“Joining the military was all I had ever wanted to do. Family members had served in the Army and Royal Navy and eventually I settled on the Royal Air Force (RAF). I joined when I was seventeen in 1987.“My first posting was at RAF Hereford. Initially I was based on the station but then I was put on the Emergency Reaction Force, which meant I could be deployed anywhere in the world at short notice. In 1990, when I was just 20 years old, I was called up with four hours’ notice to take part in the Gulf War. During my six-month tour, I was on the frontline in Iraq and Kuwait.
I couldn’t sleep, had terrible nightmares and flashbacks, and even attacked my mum at one point. I couldn’t socialise – all I wanted to do was stay at home. I had no idea what was going on. I felt like I had lost control and been taken over. It was like being trapped in a bubble, reliving things again and again.
“When my leave ended, I went back to RAF Hereford and tried to get back on with life, but I couldn’t function properly. At one point I tried to take my own life whilst on duty.
“My parents said I needed to get help, but I didn’t want to get it. It had been my childhood dream to join the Services, and I felt that if I asked for help it would be detrimental to my career.
“I was sent to see a military psychiatrist, but he just told me pull my socks up and take my medication, emphasising that no one would employ me otherwise. I only had another eight months left of my service so I struggled on.
“When I left the RAF, I moved back to Bristol and just tried to survive, trying hard not to get angry. I initially worked as an HGV driver but then I got a security job, covering nights. I enjoyed it – there was no pressure and no one around but eventually the long hours dragged me down. And then in 2003 the second Gulf War began and, even though I had left the RAF, I felt I should have been there. I felt rejected and left behind. I shut myself away and cried.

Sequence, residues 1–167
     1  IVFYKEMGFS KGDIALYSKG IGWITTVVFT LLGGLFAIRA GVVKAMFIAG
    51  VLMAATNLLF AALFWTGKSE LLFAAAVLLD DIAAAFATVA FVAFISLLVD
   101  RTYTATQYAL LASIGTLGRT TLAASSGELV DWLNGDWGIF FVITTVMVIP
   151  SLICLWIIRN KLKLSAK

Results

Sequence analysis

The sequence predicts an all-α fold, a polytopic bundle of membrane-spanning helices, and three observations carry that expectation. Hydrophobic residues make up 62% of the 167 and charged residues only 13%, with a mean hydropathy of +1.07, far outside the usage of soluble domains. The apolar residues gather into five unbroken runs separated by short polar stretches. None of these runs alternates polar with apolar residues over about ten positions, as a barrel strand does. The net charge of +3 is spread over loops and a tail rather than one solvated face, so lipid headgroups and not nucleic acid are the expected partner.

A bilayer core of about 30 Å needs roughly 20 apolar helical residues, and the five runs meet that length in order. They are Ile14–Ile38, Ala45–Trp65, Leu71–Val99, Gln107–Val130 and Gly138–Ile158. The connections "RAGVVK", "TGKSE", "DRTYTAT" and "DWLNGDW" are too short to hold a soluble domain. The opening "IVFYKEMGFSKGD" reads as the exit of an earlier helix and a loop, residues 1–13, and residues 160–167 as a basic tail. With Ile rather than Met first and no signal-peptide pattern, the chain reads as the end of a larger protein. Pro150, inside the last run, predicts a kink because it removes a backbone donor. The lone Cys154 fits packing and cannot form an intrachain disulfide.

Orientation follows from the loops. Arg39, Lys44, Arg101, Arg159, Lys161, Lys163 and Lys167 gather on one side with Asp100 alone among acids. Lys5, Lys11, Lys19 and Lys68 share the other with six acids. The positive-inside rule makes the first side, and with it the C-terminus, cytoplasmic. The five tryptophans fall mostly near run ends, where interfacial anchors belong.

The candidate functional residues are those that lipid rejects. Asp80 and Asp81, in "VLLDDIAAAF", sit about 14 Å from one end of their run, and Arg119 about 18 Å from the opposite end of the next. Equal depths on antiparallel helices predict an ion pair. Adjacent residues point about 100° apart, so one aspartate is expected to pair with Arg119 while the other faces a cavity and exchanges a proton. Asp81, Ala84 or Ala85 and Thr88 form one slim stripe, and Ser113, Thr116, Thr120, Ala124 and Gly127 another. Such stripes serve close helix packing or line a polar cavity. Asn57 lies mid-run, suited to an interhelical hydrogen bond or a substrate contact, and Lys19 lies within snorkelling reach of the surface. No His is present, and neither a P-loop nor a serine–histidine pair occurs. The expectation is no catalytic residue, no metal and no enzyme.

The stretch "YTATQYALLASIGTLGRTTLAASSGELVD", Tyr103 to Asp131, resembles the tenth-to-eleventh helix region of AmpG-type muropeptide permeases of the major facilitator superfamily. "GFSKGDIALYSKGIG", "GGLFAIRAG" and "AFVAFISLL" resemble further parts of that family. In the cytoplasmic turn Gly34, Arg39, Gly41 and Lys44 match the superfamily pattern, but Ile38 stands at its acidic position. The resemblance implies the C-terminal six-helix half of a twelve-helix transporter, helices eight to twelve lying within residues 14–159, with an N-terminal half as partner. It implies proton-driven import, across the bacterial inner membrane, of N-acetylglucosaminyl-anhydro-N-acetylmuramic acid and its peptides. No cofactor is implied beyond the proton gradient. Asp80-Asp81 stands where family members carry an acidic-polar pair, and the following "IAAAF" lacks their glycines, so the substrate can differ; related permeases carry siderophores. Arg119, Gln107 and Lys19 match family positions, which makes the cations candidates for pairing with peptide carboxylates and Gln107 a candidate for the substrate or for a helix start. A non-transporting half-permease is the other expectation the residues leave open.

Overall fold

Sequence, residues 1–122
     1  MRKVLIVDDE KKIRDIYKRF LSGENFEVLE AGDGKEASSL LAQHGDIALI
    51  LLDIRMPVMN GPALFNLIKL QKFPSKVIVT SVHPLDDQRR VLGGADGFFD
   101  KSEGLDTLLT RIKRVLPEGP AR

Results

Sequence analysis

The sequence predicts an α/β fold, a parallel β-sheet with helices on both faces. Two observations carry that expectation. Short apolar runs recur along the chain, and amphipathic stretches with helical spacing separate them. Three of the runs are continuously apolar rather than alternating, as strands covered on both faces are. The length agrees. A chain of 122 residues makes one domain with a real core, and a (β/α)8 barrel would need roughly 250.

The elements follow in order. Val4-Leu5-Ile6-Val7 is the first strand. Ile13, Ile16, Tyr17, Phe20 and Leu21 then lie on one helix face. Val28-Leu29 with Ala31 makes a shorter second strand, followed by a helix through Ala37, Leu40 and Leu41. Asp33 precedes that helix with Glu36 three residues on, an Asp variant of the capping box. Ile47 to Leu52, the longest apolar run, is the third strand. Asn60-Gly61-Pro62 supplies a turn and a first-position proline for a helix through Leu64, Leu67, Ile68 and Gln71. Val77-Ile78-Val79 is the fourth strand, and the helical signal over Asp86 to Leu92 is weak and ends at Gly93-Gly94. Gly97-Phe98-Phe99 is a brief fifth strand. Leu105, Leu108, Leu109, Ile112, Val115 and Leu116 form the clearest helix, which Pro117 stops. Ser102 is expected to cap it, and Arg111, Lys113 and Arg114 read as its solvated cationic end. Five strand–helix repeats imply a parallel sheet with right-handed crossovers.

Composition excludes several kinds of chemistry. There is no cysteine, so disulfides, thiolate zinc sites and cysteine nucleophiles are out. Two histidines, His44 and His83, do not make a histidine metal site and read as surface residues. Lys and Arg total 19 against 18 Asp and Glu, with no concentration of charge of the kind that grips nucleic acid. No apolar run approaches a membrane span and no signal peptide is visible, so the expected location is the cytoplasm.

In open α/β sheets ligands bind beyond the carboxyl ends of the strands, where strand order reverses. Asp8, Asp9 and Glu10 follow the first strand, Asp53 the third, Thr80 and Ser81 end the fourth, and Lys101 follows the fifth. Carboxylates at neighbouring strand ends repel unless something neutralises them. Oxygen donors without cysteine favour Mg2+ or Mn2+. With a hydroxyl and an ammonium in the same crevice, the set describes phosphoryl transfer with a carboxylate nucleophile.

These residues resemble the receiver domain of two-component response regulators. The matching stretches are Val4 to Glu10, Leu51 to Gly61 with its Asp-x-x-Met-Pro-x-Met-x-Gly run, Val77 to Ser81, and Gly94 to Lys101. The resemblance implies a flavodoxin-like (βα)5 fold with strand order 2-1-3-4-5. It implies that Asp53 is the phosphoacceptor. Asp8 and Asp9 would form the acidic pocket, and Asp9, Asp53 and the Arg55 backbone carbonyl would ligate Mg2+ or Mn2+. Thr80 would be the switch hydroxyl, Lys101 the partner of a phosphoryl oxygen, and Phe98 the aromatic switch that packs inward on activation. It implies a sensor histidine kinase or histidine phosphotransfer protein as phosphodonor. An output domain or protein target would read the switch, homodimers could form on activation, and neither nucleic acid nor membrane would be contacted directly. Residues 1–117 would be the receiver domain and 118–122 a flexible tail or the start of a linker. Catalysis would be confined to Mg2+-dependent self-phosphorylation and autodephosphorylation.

“It was my sister who finally got me to seek help. She saw Combat Stress at an Armed Forces Day event and told me I needed to pick up the phone and call. I was in a really bad place by this point, but I decided to give it a go. I called the Helpline and cried for 20 minutes but then I started to get the help I needed.
“A little while later, in 2017, I was offered the chance to take part in the charity’s PTSD Intensive Treatment Programme (ITP). Taking part in the programme was empowering - I learnt why I act like I do and how to cope. Part of my rehabilitation was also to re-engage with my family, telling them what I had been through on the frontline. I now have a really good relationship with my family, and they can support me if my PTSD flares up. I’ve also got a new partner now – we’re engaged, I’m a dad to her two kids, and I feel like I’ve opened a new doorway on my life.
“I did find it a bit difficult to reacclimatise after doing the ITP so I phoned Combat Stress and was able to take part in a resilience course in Plymouth. It touched on a lot of things I already knew but I was also able to reconnect with others who had served.
“I’ve also used the charity’s Peer Support Service, meeting once a month with other veterans in Bristol, but the pandemic meant we had to stop meeting in person.
“And more recently I’ve contacted the charity for more help as I realised I was beginning to struggle again. I called the Helpline a couple of times – having someone to talk to is a big help - and I’m now just about to start having some one-to-one occupational therapy online (due to COVID-19 restrictions).
“Since undergoing treatment, I’m able to look back and analyse things. I understand now that I had to do things I didn’t agree with but it was what I was trained to do. “I’m so grateful for all the help and advice Combat Stress has provided me – I’d be six feet under without their support. It’s been amazing to turn my life around. I’m able to survive day to day now and when things start to go awry, I know what I need to do before I get to a really bad place.
Take a moment to support veterans like Richard this armistice.